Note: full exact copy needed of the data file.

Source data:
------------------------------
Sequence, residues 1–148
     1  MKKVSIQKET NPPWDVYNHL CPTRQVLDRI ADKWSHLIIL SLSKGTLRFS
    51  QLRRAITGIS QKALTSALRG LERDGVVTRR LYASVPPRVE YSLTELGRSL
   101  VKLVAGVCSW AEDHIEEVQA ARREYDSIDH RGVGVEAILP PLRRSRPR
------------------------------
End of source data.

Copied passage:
Sequence, residues 1–148
     1  MKKVSIQKET NPPWDVYNHL CPTRQVLDRI ADKWSHLIIL SLSKGTLRFS
    51  QLRRAITGIS QKALTSALRG LERDGVVTRR LYASVPPRVE YSLTELGRSL
   101  VKLVAGVCSW AEDHIEEVQA ARREYDSIDH RGVGVEAILP PLRRSRPR